Exploiting Insecure Deserialization - Example 2
Once again, we're looking at a session cookie that has been created with a serialized object,
And let's assume this is a white box test, or that we've found the source code lying around in a backup file.
Toward the bottom, notice the call to
__destruct() which will call the
unlink function, meaning it will delete the specified object in
$this->lock_file_path. Since we can provide an object of any type to the cookie, if we provide a valid one for the above source code, it should accept it without checking if it's what it expects. We'll start by reconstructing the object itself, CustomTemplate, and providing a malicious value for the
$lock_file_path variable. In theory, it should then call the
__destruct() function on the file we specify.
Providing this as a cookie and then base64 and URL encoding it should then perform our required action and delete the specified file.
It's hard to show as it was on the Burp Web Academy instance, but it did work (promise)!
That just about wraps up the small few examples but head over to the Portswigger Web Academy labs for deserialization if you want to take on some of these challenges on your own!
Remediation - How can I avoid this happening to me?!
I'm glad you asked! As previously mentioned, one of the best things you can do is to not allow for the deserialization of any type of user input. Strings, binaries, cookies.. Where it's possible, someone will find a way to do it. Let's remember; attackers are often unconstrained by time. With consequences as severe as a potential remote code execution, they won't be giving up easily if they can find somewhere that deserializes their input just because there's a few filters blocking their way...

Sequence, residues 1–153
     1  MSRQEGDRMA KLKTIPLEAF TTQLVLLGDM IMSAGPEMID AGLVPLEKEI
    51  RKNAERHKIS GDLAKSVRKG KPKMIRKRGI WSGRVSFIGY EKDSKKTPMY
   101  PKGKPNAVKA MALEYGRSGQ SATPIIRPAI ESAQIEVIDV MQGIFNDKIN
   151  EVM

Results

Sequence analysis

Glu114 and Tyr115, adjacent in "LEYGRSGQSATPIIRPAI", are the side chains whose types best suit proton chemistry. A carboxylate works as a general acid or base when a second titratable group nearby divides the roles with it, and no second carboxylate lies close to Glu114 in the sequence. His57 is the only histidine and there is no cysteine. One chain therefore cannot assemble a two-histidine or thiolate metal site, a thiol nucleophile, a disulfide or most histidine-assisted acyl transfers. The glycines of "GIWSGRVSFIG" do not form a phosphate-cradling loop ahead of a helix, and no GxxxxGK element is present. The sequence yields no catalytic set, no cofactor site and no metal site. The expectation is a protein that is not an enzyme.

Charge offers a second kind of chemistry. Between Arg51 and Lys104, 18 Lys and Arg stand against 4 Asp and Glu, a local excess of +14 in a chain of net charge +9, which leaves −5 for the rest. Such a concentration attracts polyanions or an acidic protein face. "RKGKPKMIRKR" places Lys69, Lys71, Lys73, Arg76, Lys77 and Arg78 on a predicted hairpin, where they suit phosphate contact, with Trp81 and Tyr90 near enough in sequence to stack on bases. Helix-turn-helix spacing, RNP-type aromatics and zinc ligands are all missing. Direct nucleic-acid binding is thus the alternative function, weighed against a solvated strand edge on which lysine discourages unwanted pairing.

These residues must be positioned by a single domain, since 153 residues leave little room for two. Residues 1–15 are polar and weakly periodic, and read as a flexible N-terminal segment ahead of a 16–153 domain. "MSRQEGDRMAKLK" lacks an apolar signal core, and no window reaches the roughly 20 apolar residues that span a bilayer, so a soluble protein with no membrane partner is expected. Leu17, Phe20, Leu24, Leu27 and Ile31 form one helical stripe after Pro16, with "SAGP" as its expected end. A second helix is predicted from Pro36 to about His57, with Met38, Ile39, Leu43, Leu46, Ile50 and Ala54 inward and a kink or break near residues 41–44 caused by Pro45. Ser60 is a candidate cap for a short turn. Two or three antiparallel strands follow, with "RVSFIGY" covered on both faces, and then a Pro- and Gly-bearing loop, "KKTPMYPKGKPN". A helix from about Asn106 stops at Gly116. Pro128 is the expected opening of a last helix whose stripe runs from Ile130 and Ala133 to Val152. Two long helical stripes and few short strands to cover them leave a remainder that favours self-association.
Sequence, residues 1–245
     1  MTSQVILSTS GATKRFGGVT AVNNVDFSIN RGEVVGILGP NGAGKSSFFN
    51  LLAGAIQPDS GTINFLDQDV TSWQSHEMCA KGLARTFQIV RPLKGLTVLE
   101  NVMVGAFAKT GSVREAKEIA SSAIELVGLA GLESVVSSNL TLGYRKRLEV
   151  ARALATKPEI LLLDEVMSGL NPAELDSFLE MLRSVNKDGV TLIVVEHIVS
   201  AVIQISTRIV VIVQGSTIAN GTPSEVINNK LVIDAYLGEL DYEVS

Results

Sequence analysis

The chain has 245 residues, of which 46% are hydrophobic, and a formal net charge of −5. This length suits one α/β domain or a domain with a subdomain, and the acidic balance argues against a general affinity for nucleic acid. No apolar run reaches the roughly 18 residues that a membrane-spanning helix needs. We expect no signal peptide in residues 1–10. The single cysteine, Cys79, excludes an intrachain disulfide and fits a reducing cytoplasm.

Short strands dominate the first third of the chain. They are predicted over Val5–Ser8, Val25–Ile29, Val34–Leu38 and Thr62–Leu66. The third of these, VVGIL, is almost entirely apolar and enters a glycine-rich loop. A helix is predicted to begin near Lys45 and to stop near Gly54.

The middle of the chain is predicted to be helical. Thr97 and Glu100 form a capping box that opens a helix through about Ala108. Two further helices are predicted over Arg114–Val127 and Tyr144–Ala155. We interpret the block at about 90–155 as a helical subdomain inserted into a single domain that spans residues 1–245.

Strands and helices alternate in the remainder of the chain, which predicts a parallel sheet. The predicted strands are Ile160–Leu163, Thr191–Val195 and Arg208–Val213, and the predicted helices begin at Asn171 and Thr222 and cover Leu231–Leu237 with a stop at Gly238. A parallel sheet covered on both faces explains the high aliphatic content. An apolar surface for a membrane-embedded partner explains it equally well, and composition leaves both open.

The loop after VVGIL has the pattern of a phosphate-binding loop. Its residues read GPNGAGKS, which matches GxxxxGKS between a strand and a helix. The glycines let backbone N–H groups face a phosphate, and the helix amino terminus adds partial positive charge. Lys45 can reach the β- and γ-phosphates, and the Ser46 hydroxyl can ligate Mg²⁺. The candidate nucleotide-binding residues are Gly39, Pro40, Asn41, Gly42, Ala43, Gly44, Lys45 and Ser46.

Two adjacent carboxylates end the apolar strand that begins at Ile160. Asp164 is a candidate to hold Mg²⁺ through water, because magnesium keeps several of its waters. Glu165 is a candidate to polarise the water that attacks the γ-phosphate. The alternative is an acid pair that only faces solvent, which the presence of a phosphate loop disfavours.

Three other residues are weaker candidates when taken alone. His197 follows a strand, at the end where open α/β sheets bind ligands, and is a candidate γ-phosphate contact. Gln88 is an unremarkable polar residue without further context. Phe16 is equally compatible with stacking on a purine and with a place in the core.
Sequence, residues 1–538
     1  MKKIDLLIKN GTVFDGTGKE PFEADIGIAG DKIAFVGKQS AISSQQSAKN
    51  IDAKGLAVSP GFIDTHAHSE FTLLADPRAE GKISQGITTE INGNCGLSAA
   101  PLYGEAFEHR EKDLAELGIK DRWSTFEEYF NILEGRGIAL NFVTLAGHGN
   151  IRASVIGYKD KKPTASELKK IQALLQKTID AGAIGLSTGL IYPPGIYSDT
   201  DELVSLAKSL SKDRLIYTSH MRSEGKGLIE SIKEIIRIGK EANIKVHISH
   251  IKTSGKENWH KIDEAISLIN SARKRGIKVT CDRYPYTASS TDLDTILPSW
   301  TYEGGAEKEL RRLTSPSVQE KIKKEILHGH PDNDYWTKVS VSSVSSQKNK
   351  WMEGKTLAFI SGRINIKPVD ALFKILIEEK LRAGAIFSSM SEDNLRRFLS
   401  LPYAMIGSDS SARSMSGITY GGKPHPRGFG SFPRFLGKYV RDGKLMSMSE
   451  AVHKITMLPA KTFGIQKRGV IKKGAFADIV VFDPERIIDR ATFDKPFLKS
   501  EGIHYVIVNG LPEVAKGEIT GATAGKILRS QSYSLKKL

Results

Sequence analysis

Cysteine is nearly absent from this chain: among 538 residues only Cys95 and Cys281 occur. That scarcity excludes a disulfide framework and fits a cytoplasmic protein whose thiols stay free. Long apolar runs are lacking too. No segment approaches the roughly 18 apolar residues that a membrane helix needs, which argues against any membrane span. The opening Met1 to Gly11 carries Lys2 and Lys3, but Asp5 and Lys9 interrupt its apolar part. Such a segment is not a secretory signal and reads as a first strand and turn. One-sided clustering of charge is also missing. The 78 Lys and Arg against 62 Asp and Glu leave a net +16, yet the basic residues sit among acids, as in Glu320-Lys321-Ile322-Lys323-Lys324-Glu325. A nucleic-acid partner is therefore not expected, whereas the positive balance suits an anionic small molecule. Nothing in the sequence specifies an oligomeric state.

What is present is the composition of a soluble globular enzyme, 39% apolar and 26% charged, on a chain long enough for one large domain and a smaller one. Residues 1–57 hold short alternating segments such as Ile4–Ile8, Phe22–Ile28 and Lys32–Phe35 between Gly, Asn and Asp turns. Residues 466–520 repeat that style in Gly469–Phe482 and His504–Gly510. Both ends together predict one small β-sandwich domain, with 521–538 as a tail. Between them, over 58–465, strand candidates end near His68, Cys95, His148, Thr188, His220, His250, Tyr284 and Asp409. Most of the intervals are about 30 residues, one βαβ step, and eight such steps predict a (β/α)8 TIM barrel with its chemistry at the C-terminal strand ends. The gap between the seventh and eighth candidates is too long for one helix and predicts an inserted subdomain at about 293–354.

"But Toby.. I can't do that, it would break my application"
If you truly must allow user input to go through the process, try implementing one or more of the following security measures in your code.
- Integrity checks! Run a digital signature check on the potentially exploitable object BEFORE it gets deserialized. Doesn't match? Doesn't get opened!
- Deserialize in a lower privileged context of the application. I don't like suggesting this, but it's at least some form of damage control.
- Review your logs! You know your site best, what users do and what's normal. If there's repeated failed deserialization attempts, hits against filters, unusual account activity. Review it. See what they're trying to do and then reactively make changes.
If you've read this far, I commend you and applaud you. I hope it provided a high level overview of deserialization and how it can be used maliciously against an application, and gave food for thought about WHY you should care about it. There's a wealth of incredible information out there that delves deeper into the topic, so if it's piqued your interest, go and read some blogs from people who are far more experienced than me!
Take care and be safe out there, the internet can be a dangerous place.